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Broadcasters Benefit Children

GM showers on Main Street to raise funds

The latest issue of the NAB’s Licensed to Serve newsletter is now available.

The Christmas holidays bring out the best in radio broadcasters and their charitable efforts. Of no surprise, often the chief beneficiaries of the largesse are children.

Michael Stanton, GM for independent broadcaster Bold Gold Media, owner of stations in Northeastern Pennsylvania and Upstate New York, laid it all out this season. He “showered” on Main Street Honesdale, Pa., on a chilly December day for several hours. The 12th annual Michael G. Stanton Shower for Charity cleaned up with $21,000 for the Wayne County Children’s Christmas Bureau.

KIRO(FM) in Seattle, a Bonneville property, racked up almost $500,000 in its 25th annual Holiday Magic Radiothon to benefit foster children.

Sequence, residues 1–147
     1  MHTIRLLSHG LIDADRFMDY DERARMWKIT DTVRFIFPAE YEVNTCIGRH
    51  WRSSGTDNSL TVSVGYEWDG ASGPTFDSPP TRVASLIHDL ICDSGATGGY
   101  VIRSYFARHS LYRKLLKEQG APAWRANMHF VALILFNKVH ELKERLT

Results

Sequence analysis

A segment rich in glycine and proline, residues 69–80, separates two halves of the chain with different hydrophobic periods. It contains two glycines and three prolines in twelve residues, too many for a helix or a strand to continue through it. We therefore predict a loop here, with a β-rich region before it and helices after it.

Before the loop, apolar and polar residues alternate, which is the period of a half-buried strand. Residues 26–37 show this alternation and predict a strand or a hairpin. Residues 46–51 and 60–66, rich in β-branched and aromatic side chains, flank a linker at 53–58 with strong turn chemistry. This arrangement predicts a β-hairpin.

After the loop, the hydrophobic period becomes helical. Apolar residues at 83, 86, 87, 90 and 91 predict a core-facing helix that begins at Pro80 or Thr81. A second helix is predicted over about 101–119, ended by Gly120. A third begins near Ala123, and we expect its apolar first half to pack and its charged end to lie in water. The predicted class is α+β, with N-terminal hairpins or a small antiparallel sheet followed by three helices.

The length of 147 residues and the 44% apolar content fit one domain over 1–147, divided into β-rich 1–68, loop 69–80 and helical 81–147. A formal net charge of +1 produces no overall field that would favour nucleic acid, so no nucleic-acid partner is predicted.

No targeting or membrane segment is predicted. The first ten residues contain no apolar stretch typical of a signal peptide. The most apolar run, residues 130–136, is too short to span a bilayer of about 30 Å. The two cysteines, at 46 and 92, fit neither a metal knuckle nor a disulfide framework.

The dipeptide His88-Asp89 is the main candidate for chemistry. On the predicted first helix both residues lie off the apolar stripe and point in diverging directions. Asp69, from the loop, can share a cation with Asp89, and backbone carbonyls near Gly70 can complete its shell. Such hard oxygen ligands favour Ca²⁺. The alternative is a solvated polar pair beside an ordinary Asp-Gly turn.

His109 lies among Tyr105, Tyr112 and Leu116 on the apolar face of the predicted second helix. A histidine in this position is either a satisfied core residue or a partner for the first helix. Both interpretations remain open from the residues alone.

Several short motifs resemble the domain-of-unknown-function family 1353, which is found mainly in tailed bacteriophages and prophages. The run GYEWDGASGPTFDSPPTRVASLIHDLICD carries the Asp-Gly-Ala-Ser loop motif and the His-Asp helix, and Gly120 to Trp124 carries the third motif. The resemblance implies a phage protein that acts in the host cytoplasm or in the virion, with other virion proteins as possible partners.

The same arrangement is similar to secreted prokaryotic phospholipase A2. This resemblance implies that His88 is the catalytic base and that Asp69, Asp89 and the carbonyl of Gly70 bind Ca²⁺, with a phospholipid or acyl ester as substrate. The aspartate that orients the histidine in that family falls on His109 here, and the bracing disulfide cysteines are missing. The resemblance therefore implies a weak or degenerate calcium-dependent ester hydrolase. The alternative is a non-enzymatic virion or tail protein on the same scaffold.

In Manchester, N.H., Saga Communications’ WZID(FM)’s 15th annual Christmas Is for Kids Radiothon generated $175,000 for Child and Family Services of New Hampshire.

Bicycles for local kids were the thing for Beasley Broadcasting’s Philadelphia property, WRDW(FM). Its “Big Philly Show” collected more than 300 bikes and $1,800 in cash donations for things like helmets.

Children’s hospitals also were on the receiving end of charitable efforts. Spanish-language broadcaster Entravision brought in $1.4 million for the Children’s Miracle Network in a three-day national radiothon.

CBS Radio’s KLUV(FM) and KMVK(FM) in Dallas broadcast the eighth annual Christmas Is For Children four-day radiothon bringing in $1 million for the Children’s Medical Center.

In Augusta, Ga., Clear Channel’s cluster 13th annual Care for Kids Radiothon benefiting the Children’s Hospital of Georgia collected $184,000.

Lastly, KSTP(FM), a Hubbard Radio station in the Minneapolis/St. Paul market, invited listeners to meet at the Mall of America and sing a song written by a teenager who died of cancer last year. Donations from the event were to go to paying the young man’s medical bills and researching cancer. More than 5,000 people showed up.